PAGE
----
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NRC Blames Design Flaw for San Onofre Nuclear Leak

Meanwhile, several anti-nuke groups plan a protest and press conference before Monday's Nuclear Regulatory Commission meeting in San Juan Capistrano.

Correction: An earlier version of this story said the NRC meeting was Tuesday evening. It was held Monday.

It's official: Design flaws in San Onofre's "heavily modified" new steam generators caused excessive tube wear and a radioactive steam leak in January, NRC Regional Administrator Elmo Collins said Sunday in an interview with the Associated Press.

That conclusion dovetails with the analysis of a consultant hired by environmental group Friends of the Earth, which issued a report earlier this year blaming the problems on Southern California Edison's design changes.

The new design caused thousands of highly pressurized steam tubes inside the generator to vibrate against each other and against support structures, leading to abnormally

In related news, environmental groups plan to hold a press conference and protest before Monday's 6 p.m. on the issue in the San Juan Capistrano Community Center.

At 5 p.m., representatives will appear with from Fairewinds Associates, which was hired by Friends to analyze recent problems at the plant.

Also protesting will be members of and , which have spearheaded local efforts to shut down the plant.

At the meeting itself, NRC staffers will release preliminary findings about the cause of the January leak, and plant officials will offer a response.

A public comment and questioning period will follow.

The plant has been closed since January and will remain shut down at least through the summer.

Watch Patch.com late Tuesday night for photos, video and an incisive story from the meeting. Also look for Twitter updates from the meeting by following @ClementePatch; we'll use the hashtag #NRC to catalog the tweets.

Matt June 19, 2012 at 11:34 PM
The United States has 3900% more sun than Germany, however Germany has 6000% more solar energy than the United States and plans to close down it's entire nuclear energy producing plants by 2022. They are even exporting some of their excess solar energy to France. If Germany can do this, why can't we?
Yeparoo June 20, 2012 at 12:52 AM
@Matt - If SONGS is unsafe, it should be shut down until safe and not until then. Or shut it down forever if they can't make it safe. German Solar is basically Solyndra on a very large scale. Germany has pulled away the subsidy monopoly money and their solar industry is collapsing. Nice comment toward the end in the DER SPIEGEL article: Solar Fairy Tale Beutel came to Solar Valley to save a subsidiary of Q-Cells. He had been hired by an investor. He shrugs his shoulders when asked about the time before the crisis, about the early years in Solar Valley. IT WASN'T A REAL ECONOMY, he says. The truth - "Instead, there's a market that politicians created in 2000 with the Renewable Energy Sources Act (EEG), which promised tens of thousands of green jobs and now steers half of its €14 billion ($17.6 billion) in annual funding toward the solar industry." "People in Germany aren't buying all these solar modules because the sun shines particularly often in their country. They're buying them because they will receive subsidies known as feed-in tariffs for the electricity for 20 years. The state has guaranteed every producer of solar power a price that was initially 50 euro cents per kilowatt hour higher than the market price." http://www.spiegel.de/international/business/german-and-chinese-solar-firms-fight-for-survival-a-835367.html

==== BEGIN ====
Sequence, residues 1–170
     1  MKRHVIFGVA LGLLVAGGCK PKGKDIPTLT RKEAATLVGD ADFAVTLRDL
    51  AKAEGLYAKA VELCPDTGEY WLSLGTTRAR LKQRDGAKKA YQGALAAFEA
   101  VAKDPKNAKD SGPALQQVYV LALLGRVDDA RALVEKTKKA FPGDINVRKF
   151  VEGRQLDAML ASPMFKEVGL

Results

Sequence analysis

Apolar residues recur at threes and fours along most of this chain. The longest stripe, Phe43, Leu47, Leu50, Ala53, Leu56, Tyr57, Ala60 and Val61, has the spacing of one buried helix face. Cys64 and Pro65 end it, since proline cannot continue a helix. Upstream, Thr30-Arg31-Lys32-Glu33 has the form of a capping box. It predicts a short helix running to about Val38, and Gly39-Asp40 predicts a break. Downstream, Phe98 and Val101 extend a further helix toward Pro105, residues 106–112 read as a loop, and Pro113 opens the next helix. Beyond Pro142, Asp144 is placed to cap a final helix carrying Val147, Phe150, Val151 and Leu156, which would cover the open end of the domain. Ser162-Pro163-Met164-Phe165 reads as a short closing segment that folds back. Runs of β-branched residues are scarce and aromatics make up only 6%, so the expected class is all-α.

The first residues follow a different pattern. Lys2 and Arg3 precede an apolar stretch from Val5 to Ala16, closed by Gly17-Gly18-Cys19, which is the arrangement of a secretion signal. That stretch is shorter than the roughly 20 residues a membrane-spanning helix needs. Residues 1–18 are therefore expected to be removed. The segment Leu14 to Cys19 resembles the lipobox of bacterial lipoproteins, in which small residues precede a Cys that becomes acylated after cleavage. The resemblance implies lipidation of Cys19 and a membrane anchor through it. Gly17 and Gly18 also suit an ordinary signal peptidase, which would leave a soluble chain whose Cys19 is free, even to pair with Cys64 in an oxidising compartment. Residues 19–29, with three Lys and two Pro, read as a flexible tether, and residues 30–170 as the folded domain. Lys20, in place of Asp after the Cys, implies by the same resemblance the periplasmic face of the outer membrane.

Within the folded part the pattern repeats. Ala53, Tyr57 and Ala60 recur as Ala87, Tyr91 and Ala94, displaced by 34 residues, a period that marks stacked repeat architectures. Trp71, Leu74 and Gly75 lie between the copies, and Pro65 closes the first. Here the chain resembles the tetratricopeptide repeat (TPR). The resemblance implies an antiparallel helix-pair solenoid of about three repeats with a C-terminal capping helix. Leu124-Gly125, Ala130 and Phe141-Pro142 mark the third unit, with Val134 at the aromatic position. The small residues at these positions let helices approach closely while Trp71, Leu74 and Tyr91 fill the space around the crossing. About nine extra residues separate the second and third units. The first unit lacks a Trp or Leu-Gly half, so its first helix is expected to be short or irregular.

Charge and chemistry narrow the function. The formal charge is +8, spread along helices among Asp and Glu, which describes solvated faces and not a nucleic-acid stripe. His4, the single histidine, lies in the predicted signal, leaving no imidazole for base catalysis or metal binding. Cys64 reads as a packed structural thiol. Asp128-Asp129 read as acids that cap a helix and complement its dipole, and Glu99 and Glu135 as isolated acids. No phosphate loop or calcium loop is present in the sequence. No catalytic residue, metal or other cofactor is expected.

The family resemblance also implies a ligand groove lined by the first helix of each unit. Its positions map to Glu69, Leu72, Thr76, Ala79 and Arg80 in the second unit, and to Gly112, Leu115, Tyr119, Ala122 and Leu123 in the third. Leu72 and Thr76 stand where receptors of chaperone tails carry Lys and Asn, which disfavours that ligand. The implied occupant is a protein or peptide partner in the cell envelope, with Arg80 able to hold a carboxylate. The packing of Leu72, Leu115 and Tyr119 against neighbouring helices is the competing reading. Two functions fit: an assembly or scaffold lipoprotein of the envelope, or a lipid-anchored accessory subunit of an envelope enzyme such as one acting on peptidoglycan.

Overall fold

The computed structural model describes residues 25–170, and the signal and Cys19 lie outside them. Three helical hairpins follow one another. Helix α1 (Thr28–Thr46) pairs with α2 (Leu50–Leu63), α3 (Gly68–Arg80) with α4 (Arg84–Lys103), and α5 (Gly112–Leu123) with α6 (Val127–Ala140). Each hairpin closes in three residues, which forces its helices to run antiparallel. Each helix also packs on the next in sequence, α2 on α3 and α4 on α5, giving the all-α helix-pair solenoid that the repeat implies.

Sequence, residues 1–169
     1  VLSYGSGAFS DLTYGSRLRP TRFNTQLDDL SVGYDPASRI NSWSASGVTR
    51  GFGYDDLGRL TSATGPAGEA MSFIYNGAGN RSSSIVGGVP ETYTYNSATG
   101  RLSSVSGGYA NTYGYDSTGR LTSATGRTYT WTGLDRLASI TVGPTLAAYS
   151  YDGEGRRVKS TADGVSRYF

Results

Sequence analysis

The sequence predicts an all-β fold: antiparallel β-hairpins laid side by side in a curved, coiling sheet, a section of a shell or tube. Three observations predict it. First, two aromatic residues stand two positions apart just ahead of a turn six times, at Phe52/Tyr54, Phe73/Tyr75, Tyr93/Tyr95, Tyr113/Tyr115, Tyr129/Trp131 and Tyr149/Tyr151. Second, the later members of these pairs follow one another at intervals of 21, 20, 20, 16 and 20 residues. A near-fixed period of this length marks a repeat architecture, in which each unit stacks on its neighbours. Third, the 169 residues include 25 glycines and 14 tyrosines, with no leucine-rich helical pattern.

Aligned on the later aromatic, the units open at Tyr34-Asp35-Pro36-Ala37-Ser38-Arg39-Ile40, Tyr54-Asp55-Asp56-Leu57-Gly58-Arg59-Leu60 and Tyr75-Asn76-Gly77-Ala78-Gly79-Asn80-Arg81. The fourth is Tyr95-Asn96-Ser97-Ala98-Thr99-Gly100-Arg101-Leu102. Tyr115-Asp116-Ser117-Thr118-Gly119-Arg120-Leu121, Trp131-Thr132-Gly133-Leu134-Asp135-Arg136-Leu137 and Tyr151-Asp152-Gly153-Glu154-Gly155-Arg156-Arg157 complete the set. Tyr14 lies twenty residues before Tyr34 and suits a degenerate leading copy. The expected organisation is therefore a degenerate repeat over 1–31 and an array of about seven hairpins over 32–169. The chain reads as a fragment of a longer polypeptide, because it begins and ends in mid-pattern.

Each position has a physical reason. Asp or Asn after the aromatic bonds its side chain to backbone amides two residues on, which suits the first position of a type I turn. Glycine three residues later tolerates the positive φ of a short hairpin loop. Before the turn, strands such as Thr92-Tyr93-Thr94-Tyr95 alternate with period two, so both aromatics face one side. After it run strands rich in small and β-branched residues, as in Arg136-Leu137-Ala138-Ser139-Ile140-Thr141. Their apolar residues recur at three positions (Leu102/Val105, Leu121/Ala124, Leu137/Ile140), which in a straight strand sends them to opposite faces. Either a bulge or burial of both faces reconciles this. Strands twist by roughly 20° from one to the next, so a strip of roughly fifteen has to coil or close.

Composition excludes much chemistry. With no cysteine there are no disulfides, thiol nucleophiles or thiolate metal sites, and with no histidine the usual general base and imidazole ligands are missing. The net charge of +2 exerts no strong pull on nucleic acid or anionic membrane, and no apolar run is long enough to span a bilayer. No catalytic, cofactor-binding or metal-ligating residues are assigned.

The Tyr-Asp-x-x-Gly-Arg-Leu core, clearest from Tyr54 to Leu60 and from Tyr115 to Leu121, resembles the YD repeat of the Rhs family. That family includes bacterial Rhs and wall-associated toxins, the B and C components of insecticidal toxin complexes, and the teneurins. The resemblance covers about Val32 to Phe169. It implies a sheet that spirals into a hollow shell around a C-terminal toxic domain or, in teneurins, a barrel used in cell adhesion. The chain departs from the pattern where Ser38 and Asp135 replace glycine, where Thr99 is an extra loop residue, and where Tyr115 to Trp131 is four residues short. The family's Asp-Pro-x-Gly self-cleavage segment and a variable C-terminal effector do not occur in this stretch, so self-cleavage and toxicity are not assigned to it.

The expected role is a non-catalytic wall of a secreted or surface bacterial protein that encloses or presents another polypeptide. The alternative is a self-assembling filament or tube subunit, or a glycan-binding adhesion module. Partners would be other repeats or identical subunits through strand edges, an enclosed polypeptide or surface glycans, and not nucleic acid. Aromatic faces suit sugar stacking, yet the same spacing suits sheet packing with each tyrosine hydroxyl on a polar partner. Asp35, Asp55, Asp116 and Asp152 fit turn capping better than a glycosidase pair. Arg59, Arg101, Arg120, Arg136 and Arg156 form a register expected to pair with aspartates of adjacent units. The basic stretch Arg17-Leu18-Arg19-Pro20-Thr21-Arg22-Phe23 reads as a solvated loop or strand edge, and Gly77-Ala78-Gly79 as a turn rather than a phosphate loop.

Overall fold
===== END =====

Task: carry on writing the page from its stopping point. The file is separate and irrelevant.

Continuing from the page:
AnneS July 04, 2012 at 04:02 PM
The failure of Solyndra does NOT mean the failure of solar, as much as the "drill baby drill" crowd would love to spin it that way. Think about it - the US spent $409 billion on fossil fuel subsidies in 2010, and even more in 2011 and 2012. Imagine what we could have if we invested that in sustainable energy instead. We can choose what kind of future we want for our children. Where there's a will there's a way. "What if Solar Power had Fossil Fuel-like subsidies? The answer would involve a ratio of 72 to 1, which is how fossil fuel subsidies compare with solar today. From an average taxpayer perspective, that means that over the past five years, you would have contributed $521.73 towards fossil fuels subsidies, but only $7.23 towards solar. If the tables were turned, 100% of Americans could soon be receiving their power from solar sources." More: http://www.triplepundit.com/2010/10/solar-climate-bill/ MIT opens new 'window' on solar energy http://web.mit.edu/newsoffice/2008/solarcells-0710.html

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